At first Harmon thinks Victor is just a shortened form of Victor Charlie aka the Viet Cong aka the VC, and the tales about him are either hallucinations under the stress of combat in the dark and cramped and booby-trapped tunnels or tall tales.
But, no, the tunnel rats he talks to say these aren’t tall tales. Many really have been saved by this Victor person. They don’t know if “he’s special forces of some sort or if he’s AWOL down in the tunnels.”
To get some caged rats to see if they are infected, Harmon finds himself going into the tunnels. The tunnel rats refuse to have anything to do with the actual rats. He gets lost and has a harrowing experience.
As he’s about to drown in a water trap, he is pulled out and led to the outside. In the growing light from outside, he sees his savior, Victor, is “a little kid dressed in the uniform of the rats.
Harmon realizes Victor is the boy he found in 1962.
Harmon launches his own investigation into “special projects”, recruits, men gone AWOL, and men who have seen Victor. He tries to find the doctor who noted the boy’s strange anatomy. He suggests the sergeant who thought the boy was Paul Becker didn’t commit suicide. He suggests the CIA killed him and Mr. and Mrs. Becker.
Denounced as delusional, Harmon is put in a mental hospital but released in 1969.
He decides to look up the Crosbys and hears about another lost child. Caroline Crosby has put flowers in her hair and went out to Haight Ashbury and hasn’t returned.
Looking back 20 years – in other words about the time this story was published, Harmon ponders all this. He decides “There is a darkness inside us all that is animal.” When we face the darkness, sometimes it pares us down and makes us just animals. When this happens at a young age, like Paul Becker, we become feral and can’t find our way back.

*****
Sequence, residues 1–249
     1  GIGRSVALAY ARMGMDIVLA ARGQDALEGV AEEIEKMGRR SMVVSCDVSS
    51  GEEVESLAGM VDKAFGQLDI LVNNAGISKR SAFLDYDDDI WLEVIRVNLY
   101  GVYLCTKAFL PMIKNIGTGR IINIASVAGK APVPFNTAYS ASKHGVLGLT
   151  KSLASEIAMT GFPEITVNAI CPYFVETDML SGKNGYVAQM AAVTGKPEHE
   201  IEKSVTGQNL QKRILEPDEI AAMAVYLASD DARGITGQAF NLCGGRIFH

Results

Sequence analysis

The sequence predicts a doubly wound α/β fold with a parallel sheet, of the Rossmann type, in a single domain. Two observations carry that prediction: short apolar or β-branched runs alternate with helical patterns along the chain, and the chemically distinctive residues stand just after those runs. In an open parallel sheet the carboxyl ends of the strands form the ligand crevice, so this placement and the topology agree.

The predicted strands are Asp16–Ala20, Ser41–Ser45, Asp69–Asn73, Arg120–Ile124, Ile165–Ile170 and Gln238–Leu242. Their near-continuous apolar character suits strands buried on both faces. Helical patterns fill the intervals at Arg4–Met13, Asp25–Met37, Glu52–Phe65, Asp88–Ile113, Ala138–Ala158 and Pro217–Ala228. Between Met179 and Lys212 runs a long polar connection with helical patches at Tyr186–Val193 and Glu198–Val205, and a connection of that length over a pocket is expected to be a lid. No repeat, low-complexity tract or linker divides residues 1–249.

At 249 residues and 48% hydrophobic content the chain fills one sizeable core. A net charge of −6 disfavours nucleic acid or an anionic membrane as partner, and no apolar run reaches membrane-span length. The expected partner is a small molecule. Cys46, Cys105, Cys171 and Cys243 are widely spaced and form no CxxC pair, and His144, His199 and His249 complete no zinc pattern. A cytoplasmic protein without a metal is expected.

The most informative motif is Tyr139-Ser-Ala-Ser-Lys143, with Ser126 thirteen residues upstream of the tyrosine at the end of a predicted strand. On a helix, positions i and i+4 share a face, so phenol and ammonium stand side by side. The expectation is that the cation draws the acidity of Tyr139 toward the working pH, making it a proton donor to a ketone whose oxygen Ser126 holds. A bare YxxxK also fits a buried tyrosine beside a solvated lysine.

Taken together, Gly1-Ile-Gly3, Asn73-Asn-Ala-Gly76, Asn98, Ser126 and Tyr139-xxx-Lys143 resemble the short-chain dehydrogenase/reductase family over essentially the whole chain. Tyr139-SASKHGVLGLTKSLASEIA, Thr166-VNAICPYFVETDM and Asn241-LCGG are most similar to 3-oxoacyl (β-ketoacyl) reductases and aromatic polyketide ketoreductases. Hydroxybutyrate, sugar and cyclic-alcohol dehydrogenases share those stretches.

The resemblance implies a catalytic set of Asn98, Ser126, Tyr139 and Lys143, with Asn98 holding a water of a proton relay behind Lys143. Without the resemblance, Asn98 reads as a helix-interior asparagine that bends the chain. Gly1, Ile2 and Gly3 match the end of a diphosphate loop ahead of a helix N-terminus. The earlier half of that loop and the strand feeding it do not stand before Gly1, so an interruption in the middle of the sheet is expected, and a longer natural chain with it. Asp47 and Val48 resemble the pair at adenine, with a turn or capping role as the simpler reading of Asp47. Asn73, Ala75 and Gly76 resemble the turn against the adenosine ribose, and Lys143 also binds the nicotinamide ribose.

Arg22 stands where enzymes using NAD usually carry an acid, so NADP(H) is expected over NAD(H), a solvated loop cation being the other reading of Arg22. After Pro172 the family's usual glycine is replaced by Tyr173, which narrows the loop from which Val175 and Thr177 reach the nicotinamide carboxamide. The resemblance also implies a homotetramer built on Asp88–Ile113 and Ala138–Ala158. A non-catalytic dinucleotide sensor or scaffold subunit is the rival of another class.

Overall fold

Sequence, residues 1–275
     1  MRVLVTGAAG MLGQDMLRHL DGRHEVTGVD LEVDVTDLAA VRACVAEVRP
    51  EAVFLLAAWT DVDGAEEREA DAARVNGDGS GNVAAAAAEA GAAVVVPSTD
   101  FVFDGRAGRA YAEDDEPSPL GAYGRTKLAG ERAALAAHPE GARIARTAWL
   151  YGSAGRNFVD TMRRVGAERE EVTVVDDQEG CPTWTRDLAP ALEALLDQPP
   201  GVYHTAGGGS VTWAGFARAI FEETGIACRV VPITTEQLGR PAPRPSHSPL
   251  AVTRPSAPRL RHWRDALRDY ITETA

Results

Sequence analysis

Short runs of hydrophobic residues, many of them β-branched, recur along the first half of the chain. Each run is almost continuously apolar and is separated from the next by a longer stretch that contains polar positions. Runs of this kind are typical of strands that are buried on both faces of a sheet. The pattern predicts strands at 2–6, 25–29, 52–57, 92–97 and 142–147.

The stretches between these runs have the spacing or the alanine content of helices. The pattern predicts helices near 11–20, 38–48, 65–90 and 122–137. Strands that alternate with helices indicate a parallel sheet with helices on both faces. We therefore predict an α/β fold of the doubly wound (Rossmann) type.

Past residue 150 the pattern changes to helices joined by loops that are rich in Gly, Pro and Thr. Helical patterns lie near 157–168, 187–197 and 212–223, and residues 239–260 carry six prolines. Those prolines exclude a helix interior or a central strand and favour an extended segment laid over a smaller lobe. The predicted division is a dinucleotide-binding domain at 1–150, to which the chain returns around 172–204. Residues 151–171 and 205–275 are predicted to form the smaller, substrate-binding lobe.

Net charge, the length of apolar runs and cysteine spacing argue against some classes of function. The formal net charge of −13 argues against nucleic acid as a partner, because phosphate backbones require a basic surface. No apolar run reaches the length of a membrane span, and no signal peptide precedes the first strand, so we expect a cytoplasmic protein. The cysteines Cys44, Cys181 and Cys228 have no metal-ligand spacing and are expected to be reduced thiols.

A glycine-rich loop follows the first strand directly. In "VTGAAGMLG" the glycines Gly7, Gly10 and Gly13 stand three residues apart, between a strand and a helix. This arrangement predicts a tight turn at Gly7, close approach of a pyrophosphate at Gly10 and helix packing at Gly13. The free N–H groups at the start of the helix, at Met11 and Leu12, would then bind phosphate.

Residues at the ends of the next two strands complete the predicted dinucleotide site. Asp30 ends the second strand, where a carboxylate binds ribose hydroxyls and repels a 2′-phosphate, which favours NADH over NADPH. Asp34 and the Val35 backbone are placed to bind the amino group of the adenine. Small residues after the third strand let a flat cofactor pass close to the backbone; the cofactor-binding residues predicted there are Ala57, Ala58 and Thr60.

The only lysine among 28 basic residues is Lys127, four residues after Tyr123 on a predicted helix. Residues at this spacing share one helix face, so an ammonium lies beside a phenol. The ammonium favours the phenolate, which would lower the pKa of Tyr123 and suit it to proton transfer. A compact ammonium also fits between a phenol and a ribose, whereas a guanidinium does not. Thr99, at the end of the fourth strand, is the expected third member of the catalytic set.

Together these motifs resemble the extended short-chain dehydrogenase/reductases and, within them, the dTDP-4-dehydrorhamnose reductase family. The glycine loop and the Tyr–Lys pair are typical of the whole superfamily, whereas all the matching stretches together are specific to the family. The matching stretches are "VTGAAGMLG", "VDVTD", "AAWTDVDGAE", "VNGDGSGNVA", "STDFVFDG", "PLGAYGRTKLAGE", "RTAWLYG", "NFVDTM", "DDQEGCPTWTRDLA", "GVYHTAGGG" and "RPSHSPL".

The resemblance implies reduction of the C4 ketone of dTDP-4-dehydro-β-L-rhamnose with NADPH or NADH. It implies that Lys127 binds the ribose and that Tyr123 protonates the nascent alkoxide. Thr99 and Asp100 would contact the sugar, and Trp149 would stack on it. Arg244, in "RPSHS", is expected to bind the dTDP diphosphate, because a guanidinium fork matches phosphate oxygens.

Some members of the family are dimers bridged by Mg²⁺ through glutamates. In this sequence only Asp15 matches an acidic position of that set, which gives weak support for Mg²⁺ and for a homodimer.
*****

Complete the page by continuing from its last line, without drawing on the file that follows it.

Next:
The darkness doesn’t defeat Caroline, though. She returns home and marries a Stanford chemist.
Besides the comparison between Paul and Caroline, Harmon says he’s presenting, in the best tradition of weird fiction, two realities: one in which the CIA kidnapped a child and used him as a weapon in Vietnam, the other the official story where the boy wasn’t Paul, the cop committed suicide and wasn’t murdered, and Victor is just a delusion.
That’s fine as far as it goes. But Fowler has put two other things together by insinuation that don’t work together.
Paul Becker could be the same dark avatar of the plague that Procopius mentions or he could be a mutant with “singular” musculature (or just developed it from being a feral child) whisked away by the CIA and who becomes Victor.
The first possibility is seemingly contradicted by his seemingly normal boyhood up until that camping trip. And, while encountering him may have given Caroline plague, why no one else gets the plague in San Francisco or why the plague outbreak in Vietnam is relatively minor when Victor (if the boy is Victor) shows up. Maybe he’s just an avatar of minor.
The second possibility just has Paul becoming Victor who just happens to be in areas where the plague breaks out.
Of course, the mention of Procopius’ plague avatars could be meant to operate on a purely metaphorical level. But, of course, a story first published in The Magazine of Fantasy & Science Fiction, invites the interpretation something fantastic is going on.